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Lucy Bland

2 Butterfly women, ‘Chinamen’, dope fiends and metropolitan allure The susceptible modern woman I n June 1919 the Illustrated Sunday Herald published an article entitled ‘Is the Modern Woman a Hussy?’ The writer claimed that the country was being subjected to ‘a virulent epidemic of Retrospective Morality … that exasperating form of moral criticism which compares the faults of the present with the morals of the past’. He quoted a recent assertion of Judge Darling’s as one example: ‘“between the women of today and their mothers there is the whole width of

in Modern women on trial
Bulletin of the John Rylands Library
Chris Pearson

ZNIEFF inventory the army had unintentionally overseen the creation of an ecological treasure trove. The inventory for the 13,700 ha ZNIEFF at Suippes Camp described how the militarized environment provided habitat for regionally rare and endangered plants, such as knapweed broomrape and grass vetchling. Its woodlands, meanwhile, constituted a ‘remarkable biological milieu’ that had largely given way to fields elsewhere in the region.35 The camp’s grasslands and woodlands played host to sixty-seven species of butterflies (including the nationally protected large blue

in Mobilizing nature
Sexual transgression in the age of the flapper
Author: Lucy Bland

This book looks at the highly publicised, sensational trials of several young female protagonists in the period 1918-1924. These cases, all presented by the press as morality tales involving drugs, murder, adultery, miscegenation and sexual perversion, are used as a prism through which to identify concerns about modern femininity. The book first examines a libel case, brought by a well-known female dancer against a maverick right-wing MP for the accusation of lesbianism. One aspect of this libel trial involved the drawing up of battle-lines in relation to the construction of a new, post-war womanhood. The book then looks at two inquests and three magistrate-court trials that involved women and drugs; young women in relationships with Chinese men were also effectively in the dock. One way of accessing court proceedings has been via the account of the trial published as part of the Notable British Trial Series. There are no extant trial transcripts. But there are prosecution depositions lodged at the National Archives, much press reportage, and a number of relevant memoirs, all giving a keen sense of the key issues raised by the trial. The book also focuses on an extraordinary divorce case, that of Christabel Russell, involving cross-dressing, claims of a virgin birth, extreme sexual ignorance, and a particular brand of eccentric modern femininity.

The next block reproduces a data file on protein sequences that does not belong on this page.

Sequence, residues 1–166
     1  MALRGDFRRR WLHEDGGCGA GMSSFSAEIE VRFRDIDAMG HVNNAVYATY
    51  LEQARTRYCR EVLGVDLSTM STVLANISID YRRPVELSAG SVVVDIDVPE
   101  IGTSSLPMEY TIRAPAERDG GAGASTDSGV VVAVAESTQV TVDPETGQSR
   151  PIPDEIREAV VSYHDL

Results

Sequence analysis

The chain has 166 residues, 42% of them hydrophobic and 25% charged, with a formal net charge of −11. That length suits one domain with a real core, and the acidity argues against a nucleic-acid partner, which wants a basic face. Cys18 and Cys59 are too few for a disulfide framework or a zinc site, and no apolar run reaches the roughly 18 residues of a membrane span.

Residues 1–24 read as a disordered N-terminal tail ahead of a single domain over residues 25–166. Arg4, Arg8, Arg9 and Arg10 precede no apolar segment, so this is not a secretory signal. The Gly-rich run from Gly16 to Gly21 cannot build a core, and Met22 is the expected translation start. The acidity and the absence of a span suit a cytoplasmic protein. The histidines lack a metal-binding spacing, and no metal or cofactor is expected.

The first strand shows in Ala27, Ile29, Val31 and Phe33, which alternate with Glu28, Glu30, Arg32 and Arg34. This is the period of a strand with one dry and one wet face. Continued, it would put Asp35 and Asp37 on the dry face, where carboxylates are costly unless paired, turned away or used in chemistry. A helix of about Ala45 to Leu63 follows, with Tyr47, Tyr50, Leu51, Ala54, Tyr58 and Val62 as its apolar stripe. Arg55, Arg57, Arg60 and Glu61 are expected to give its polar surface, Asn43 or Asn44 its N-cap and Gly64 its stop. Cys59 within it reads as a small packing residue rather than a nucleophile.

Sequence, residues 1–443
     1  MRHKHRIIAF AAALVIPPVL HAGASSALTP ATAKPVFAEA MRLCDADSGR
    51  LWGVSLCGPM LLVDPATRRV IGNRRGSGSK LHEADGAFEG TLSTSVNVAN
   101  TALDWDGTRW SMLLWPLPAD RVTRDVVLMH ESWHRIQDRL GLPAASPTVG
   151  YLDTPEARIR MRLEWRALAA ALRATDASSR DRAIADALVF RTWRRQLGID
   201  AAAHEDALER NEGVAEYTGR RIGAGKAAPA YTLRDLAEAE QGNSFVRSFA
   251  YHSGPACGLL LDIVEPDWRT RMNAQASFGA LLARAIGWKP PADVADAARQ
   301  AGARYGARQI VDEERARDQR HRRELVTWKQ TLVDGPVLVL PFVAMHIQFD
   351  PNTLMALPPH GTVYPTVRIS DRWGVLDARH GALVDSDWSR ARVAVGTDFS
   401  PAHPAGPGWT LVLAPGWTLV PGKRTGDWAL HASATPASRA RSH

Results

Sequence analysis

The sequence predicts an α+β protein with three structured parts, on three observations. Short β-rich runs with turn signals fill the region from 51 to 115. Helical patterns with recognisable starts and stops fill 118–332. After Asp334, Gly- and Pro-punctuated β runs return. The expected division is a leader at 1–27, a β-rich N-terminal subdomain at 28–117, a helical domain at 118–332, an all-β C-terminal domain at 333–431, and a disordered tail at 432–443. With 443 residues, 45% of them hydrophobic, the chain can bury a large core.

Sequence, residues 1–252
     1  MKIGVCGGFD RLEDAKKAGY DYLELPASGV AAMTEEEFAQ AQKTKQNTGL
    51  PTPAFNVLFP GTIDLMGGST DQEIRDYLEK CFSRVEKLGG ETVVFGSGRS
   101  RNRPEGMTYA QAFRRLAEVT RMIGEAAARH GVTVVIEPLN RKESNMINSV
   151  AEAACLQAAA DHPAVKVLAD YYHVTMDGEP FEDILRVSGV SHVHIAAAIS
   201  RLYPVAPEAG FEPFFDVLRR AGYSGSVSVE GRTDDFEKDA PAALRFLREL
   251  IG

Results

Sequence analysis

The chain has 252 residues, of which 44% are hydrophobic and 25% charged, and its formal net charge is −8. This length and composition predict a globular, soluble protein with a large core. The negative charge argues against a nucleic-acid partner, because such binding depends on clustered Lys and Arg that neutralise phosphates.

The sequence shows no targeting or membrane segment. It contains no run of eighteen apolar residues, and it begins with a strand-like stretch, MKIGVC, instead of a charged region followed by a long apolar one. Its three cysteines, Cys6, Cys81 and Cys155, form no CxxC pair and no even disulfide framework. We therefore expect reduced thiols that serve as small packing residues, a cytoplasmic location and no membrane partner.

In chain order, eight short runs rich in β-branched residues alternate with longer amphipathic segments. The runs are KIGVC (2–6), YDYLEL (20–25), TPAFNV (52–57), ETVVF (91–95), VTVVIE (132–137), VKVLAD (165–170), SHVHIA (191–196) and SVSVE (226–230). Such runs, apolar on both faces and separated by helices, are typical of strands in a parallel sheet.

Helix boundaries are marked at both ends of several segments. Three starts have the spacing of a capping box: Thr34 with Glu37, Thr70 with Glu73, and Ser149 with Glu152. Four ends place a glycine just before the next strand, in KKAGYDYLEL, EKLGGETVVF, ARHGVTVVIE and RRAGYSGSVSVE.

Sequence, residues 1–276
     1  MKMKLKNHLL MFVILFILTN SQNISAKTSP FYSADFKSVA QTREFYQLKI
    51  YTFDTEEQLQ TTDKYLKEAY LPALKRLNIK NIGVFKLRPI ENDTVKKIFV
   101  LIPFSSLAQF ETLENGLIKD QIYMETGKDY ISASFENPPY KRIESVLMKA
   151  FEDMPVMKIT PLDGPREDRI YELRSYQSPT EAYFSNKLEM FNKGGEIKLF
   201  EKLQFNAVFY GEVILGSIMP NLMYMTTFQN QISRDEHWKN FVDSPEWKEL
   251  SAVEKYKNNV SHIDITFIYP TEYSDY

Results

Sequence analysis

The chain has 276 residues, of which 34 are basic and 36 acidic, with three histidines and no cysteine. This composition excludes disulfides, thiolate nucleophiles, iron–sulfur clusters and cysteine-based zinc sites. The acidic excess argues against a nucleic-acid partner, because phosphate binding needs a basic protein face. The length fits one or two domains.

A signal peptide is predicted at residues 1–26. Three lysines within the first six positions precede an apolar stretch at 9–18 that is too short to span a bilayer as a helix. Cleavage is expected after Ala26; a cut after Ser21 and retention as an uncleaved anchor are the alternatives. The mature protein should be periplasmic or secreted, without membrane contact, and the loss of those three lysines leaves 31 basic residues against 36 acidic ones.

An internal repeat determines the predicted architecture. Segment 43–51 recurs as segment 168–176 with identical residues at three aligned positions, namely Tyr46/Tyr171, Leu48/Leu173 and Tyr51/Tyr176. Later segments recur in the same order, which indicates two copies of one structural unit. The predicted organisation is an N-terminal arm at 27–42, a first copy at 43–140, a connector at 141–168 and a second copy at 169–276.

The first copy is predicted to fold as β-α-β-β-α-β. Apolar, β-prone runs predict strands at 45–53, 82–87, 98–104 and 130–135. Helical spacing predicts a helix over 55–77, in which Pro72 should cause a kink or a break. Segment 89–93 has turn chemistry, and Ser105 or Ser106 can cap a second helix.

Entomology, botany and the early ethnographic monograph in the work of H.-A. Junod
Patrick Harries

lepidoptera purely as an expression and proof of God’s glory. Through purchase and exchange, Robert assembled a magnificent collection of 23,000 butterfly species from all over the world. But while Robert was only interested in the remarkable beauty and diversity of these insects, a collector such as Frédéric de Rougemont’s son Frédéric (a pastor in the Independent Church) sought to discern the laws behind

in Science and society in southern Africa
Protection of animals in nineteenth-century Britain
Author: Diana Donald